By Nancy Gadzuk
Steve Pfaff of the National Weather Service spoke at the History Center’s October 17, 2016 meeting. Originally Steve was scheduled to make a presentation on Hurricane Hazel. And then Hurricane Matthew happened on October 9th.
Despite working long hours dealing with the aftermath of Matthew, Steve found the time to weave his original presentation on Hazel into a fascinating presentation that combined information on both Hurricanes Hazel (1954) and Matthew (2016).
He began by sharing some information about Hurricane Hazel, a “special but evil storm.” Hazel became a Category 3 hurricane very quickly and killed over 1,000 people as it tore through Haiti, a pathway that Matthew would unfortunately follow as well.
He cautioned that we should not let radar fool us when determining how big a threat a hurricane may pose. Over-reliance on the Saffir-Simpson wind scale to determine hurricane strength and possible destructive effects has been problematic, especially with storms such as Hazel and Matthew, where storm surge and high water levels have been so destructive.
Hazel had what Steve called “good air”: high barometric pressure that allowed for a very large storm surge. High temperatures preceding the hurricane and a high lunar tide, along with unusually warm water temperature, all contributed to a powerful 18 foot storm surge that wiped out most of the oceanfront dwellings in Brunswick County.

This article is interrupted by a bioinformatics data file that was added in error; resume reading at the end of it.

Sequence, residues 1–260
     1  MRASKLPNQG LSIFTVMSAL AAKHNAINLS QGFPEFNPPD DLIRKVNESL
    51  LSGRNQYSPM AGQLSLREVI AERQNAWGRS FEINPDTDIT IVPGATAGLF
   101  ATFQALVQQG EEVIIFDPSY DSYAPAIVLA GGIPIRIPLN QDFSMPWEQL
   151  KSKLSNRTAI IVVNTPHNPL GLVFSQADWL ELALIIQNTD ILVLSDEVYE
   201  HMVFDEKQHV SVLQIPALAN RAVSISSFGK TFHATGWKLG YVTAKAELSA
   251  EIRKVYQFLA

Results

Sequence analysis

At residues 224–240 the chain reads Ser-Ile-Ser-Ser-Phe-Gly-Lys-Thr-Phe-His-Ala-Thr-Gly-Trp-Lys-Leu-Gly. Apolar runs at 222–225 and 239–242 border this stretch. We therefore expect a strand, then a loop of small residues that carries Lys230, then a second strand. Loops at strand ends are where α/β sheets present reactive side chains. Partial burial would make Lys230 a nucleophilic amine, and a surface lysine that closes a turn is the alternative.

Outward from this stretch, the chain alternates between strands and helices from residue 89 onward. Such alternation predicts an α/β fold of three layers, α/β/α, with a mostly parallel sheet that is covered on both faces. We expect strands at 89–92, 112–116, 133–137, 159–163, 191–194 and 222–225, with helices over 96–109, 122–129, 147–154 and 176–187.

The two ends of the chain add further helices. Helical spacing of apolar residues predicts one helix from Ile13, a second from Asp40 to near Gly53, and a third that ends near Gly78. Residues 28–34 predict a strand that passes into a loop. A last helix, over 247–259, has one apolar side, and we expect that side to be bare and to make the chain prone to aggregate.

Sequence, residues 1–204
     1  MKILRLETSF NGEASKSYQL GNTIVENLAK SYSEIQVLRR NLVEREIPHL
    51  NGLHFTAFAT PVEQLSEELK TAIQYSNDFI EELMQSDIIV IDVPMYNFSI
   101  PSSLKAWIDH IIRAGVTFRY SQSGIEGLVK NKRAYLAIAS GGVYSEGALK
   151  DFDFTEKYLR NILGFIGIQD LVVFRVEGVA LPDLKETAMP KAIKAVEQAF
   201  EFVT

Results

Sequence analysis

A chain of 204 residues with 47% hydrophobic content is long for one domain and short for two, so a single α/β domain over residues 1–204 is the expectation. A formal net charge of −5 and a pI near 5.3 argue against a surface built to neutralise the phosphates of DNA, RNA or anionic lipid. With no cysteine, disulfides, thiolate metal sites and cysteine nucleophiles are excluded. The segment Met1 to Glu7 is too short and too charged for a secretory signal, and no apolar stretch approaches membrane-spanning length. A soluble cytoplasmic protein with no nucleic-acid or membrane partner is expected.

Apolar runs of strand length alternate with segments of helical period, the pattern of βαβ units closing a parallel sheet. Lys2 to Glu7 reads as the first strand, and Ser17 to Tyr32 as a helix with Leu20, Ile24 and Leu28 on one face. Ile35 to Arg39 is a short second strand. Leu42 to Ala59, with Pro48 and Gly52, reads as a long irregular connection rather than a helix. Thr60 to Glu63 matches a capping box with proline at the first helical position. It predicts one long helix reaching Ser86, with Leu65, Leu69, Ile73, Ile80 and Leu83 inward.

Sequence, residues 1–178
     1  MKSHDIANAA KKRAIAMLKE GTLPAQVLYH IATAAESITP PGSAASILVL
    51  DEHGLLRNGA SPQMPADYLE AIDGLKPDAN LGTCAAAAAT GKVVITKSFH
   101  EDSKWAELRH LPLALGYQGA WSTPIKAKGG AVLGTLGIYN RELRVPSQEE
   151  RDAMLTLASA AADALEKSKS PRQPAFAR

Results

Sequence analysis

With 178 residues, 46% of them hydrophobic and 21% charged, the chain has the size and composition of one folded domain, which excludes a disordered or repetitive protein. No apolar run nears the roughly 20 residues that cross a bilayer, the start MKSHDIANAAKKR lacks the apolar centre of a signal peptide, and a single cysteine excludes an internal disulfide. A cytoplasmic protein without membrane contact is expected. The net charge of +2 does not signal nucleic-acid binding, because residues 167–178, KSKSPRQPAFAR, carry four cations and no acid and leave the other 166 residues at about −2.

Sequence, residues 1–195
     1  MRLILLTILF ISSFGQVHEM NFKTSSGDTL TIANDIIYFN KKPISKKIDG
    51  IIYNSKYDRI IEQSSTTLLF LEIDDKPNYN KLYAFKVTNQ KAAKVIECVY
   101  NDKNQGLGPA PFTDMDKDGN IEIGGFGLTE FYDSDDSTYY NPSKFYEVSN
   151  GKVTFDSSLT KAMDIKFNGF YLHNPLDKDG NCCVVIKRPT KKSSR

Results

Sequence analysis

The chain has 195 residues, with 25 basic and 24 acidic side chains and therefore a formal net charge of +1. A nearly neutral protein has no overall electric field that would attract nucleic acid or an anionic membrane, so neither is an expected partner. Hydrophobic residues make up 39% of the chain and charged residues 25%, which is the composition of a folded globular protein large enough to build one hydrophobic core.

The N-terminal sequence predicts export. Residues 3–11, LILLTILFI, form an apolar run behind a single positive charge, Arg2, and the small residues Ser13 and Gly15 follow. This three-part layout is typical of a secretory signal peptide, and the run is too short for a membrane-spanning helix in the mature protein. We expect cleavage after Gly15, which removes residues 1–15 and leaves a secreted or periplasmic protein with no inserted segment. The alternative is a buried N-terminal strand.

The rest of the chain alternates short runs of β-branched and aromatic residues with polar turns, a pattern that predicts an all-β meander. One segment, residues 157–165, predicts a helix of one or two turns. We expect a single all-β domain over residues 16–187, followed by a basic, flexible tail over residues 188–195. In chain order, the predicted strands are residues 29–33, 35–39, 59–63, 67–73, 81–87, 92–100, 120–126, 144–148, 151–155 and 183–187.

Byron Moore, long-time History Center member who lived in Carolina Beach during Hazel, shared some of his recollections of the storm and its aftermath. His family lived on Canal Drive and water went up to the speedometer of the car sitting in the driveway. He remembered seeing propane tanks floating down Canal Drive and 6 to 8 feet of sand on Carolina Beach Avenue North. Other audience members contributed their own memories of the devastation Hazel caused.
Steve warned us that the return period for hurricanes along the North Carolina coast was 5 to 7 years. Also, since 1999 there have been five 500 to 1000 year flood events in the Southeast in case anyone has a notion to become complacent and let their insurance lapse.